Israel and the United States will pool their scientific brainpower to find and develop alternative energy sources under a bill passed by the House and now wending its way through the Senate.
Under the proposed U.S.-Israel Energy Cooperation Act, scientists and engineers from both countries would focus on research, development and commercial use of renewable energy from solar, wind, hydrogen and biofuel sources.
The act would appropriate $20 million annually through 2012 for grants to researchers at universities and business enterprises, awarded by a newly established International Energy Advisory Board in the U.S. Department of Energy.
All the funds are to come from the United States.
In a rare display of bipartisanship, the energy act was introduced by Rep. Brad Sherman (D-Sherman Oaks) and Rep. John Shadegg (R-Phoenix), and approved by an overwhelming voice vote in the House last month.
Essentially the same bill has been sponsored in the Senate by Sen. Gordon Smith (R-Ore.) and 14 of his colleagues. Although the bill faces the usual committee and appropriations hurdles, Smith's spokesman, R.C. Hammond, expressed confidence that the measure would pass the full Senate by the end of the current session.
The act received a boost from Israeli Prime Minister Ehud Olmert during his May 24 address to a joint session of Congress, when he stressed America and Israel's common "desire for energy security" and praised the pending legislation.
Ron Dermer, minister of economic affairs at the Israeli embassy in Washington, said that the act would build on previous collaboration through the U.S.-Israel Binational Industrial Research and Development (BIRD) Foundation.
Dermer also pointed to the large pool of Israeli scientific talent, such as at the Weizmann Institute of Science, and its ability to tackle new research fields.
Similarly, Sherman noted past technological collaboration between the two countries, as in the development of the Arrow missile, and Israeli pioneer work in developing more efficient batteries, solar energy and fuel cells.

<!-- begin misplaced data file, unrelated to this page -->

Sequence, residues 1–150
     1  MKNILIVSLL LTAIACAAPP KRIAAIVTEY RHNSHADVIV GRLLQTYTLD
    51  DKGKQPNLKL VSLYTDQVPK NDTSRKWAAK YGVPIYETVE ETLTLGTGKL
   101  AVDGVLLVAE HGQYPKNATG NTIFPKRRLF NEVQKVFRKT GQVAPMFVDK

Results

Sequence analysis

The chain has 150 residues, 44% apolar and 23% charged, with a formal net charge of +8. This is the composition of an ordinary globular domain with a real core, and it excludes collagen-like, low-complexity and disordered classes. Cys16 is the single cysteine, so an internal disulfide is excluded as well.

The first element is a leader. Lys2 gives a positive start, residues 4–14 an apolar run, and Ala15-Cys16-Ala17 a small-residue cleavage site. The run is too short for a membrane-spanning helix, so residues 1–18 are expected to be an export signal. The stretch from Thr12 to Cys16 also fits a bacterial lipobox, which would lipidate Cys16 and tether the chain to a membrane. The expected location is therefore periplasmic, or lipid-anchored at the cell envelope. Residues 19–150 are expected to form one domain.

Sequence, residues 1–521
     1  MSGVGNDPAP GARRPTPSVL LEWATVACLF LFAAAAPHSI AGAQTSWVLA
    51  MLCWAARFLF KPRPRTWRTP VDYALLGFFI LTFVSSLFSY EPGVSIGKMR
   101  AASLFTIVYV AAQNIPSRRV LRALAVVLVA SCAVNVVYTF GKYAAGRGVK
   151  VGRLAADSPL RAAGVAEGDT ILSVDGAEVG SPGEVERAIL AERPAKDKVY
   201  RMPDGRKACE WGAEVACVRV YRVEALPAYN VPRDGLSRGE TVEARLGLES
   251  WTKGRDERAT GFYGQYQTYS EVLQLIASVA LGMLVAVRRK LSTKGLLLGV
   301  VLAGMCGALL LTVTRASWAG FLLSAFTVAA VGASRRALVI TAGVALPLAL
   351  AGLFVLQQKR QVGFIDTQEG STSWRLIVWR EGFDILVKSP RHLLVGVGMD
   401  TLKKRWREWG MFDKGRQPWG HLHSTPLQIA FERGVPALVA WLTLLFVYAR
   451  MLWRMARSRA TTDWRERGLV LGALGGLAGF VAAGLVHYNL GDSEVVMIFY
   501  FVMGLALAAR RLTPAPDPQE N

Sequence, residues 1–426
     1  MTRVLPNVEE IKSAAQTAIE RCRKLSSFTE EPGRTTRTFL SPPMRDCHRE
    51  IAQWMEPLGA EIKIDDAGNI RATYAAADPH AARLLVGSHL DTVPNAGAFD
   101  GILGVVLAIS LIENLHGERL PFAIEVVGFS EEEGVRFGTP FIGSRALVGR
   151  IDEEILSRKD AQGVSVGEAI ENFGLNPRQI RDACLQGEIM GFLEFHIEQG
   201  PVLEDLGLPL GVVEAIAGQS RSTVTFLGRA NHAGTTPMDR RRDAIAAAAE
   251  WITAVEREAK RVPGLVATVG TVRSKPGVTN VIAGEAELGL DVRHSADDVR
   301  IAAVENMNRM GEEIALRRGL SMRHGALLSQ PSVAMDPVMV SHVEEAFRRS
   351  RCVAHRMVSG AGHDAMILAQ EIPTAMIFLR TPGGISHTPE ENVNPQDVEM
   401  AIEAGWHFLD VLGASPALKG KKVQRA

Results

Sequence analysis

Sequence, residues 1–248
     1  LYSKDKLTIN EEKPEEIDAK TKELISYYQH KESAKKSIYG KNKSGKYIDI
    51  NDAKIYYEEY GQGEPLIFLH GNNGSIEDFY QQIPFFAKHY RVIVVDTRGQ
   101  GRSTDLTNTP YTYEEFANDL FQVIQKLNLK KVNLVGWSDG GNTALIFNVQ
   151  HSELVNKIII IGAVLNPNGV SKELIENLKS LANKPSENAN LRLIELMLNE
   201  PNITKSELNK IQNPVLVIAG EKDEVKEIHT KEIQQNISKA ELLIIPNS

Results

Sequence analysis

In the language of the bill, he and Shadegg stressed that energy independence was "in the highest national security interest of the United States," and warned that the U.S. now imports from foreign countries 58 percent of its oil.
Such dependence will increase by 33 percent over the next 20 years, the legislators projected, with some of the exporting countries using their profits to fund terrorism and hostile propaganda.
In a phone interview, Sherman said that when he introduced a similar measure last year, it died in committee hearing, contrasted to the overwhelming support this year.
He paid special tribute to the American Jewish Congress (AJCongress), which has been lobbying for effective energy legislation for many years and has mobilized public support for the House measure.
Gary P. Ratner, AJCongress western regional executive director, said that his national organization had sent e-mails to some 25,000 members in support of the House bill. He urged that voters now contact their senators to advocate passage of Senate Bill 1862.
AJCongress National Executive Director Neil B. Goldstein said he was optimistic that the legislation would be passed by the Senate and signed by President Bush, noting that Senate majority leaders Sen. Bill Frist (R-Tenn.) had expressed interest in presenting the bill to the full Senate for an early vote. In a related development, American and Israeli business, academic and financial leaders will meet in Tel Aviv on Nov. 8 for a high-level Alternative and Renewable Energy Conference, according to Shai Aizin, Israel West Coast consul for economic affairs.